One argument being fielded is that the money must be used to make the borders more secure, and that in doing so the technology will increase the flow rate of traffic across the border. That may be so, but increasing the rate of drips from a tap doesn’t substantially increase the speed with which the bucket gets filled; not when the tap can be repaired and turned on full. If we examine the alternatives from a economic perspective, the spending on increased technology and communications will direct funds to technology companies. There will be spending on the manufacture of electronics of various natures. Much of the cost of electronic devices is spent to recompense these companies for research and development costs; generally, of the monies spent by the government some of the funds will go to employees involved in manufacture, some will go to the operating margin of the company, some to future R&D, and some to the shareholders. The result of the spending will be greater efficiency at the checkpoints and a ‘higher’ (unspecified) level of security. Alternatively, by investing in infrastructure improvements money will be spent on construction, distributing a greater percentage of funds directly to workers; there is more discretion for spending with small businesses and other disadvantaged companies on a local basis, ensuring that funds are disbursed locally. The improvements to the POEs will ensure much higher flow-rate of goods and services across the border. I am not suggesting which alternative is better, rather I am outlining the two options. Only the members of the DHS will be able to tell us what the facts and figures are when one compares the two alternatives; what the economic impacts are, what the value of the security spending is in terms of efficiency as well as security, etc. My concern is whether such an assessment was done at all, and that the comparative assessment makes clear distinctions between economics and security, and clearly explains the value of the increase in technology.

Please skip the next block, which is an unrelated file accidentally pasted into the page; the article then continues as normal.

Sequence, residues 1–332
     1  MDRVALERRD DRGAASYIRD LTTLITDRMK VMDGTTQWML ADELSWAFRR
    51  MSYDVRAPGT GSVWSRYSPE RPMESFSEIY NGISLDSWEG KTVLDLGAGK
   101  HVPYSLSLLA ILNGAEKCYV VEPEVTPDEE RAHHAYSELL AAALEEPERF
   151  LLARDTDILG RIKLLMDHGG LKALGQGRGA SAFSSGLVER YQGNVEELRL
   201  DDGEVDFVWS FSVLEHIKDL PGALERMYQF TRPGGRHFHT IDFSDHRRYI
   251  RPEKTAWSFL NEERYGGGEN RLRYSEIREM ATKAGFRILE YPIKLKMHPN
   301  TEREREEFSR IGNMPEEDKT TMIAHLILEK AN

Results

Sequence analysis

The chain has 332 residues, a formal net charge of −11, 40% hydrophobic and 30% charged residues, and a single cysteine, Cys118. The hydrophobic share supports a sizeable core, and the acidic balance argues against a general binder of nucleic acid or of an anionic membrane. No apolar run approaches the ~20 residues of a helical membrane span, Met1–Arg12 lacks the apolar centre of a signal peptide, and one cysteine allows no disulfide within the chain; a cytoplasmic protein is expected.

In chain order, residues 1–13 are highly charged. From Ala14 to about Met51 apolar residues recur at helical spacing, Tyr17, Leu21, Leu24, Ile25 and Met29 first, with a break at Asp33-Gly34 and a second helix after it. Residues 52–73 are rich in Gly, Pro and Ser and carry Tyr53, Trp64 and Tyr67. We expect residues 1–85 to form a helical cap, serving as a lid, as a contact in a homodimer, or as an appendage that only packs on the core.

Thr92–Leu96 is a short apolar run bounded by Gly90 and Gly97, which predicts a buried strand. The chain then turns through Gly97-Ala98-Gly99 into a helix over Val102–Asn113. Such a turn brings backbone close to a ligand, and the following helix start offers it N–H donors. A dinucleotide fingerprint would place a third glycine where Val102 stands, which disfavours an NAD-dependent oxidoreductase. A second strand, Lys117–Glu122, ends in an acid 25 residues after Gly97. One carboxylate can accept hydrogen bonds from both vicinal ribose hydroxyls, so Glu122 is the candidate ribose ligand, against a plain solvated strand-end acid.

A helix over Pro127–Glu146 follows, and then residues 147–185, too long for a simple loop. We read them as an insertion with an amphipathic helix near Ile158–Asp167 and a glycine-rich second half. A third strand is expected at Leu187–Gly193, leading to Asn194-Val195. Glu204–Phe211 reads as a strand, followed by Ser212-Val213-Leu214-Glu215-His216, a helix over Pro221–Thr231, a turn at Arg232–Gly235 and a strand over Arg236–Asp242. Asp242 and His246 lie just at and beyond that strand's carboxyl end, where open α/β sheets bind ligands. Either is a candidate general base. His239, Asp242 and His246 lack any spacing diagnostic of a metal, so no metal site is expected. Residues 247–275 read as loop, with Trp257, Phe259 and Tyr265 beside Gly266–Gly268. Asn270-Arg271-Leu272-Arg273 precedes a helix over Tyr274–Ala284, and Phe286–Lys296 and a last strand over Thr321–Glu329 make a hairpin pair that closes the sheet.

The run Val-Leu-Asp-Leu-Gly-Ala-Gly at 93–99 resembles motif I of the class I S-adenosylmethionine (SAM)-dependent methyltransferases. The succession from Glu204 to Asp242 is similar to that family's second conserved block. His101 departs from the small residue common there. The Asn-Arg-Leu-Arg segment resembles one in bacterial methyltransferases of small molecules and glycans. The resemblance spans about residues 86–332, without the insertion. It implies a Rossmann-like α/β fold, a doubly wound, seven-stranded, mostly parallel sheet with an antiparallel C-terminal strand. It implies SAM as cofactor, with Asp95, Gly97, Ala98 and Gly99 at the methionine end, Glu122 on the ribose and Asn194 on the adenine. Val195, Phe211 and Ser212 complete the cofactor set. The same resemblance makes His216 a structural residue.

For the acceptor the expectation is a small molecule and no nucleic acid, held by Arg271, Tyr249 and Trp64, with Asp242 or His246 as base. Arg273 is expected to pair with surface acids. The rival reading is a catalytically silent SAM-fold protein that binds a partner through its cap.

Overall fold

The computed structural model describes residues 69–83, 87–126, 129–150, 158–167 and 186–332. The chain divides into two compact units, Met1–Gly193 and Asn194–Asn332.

What is really interesting is that DHS is effectively forcing private enterprise to improve the POEs because ‘it is in their own interest to do so’. Not only are taxes going to increase, but the government is simultaneously encouraging private enterprise to pick up the bill for improvements not in the budget. This is effectively an aggrandized ‘pay to play’ scheme, shifting responsibility for government infrastructure onto private enterprise. While arguably this is not a bad thing – it can be argued that those who want the improvements will pay for them, while no-one is going to pay for increased security and so the government must address that issue – the wholesale ceding of responsibility for the POEs raises concerns about where the Obama Administration draws the line between private and public enterprise; my particular concern is whether there has been a line identified, or whether the discreet parts of the Administration is simply making up policy on the fly, without thought for the wider implications of their decisions.
Now is the time for Congress to prove that it is closely monitoring the new government, by seeking the proof that DHS took into account ALL factors, and not just security factors, when making this decision, and that the decision was influenced by what is best for the nation as a whole, not just what is the best security decision. If this was not done, then the White House staff must take a long look at their performance thus far in ensuring an integrated approach to government, because they have failed this test.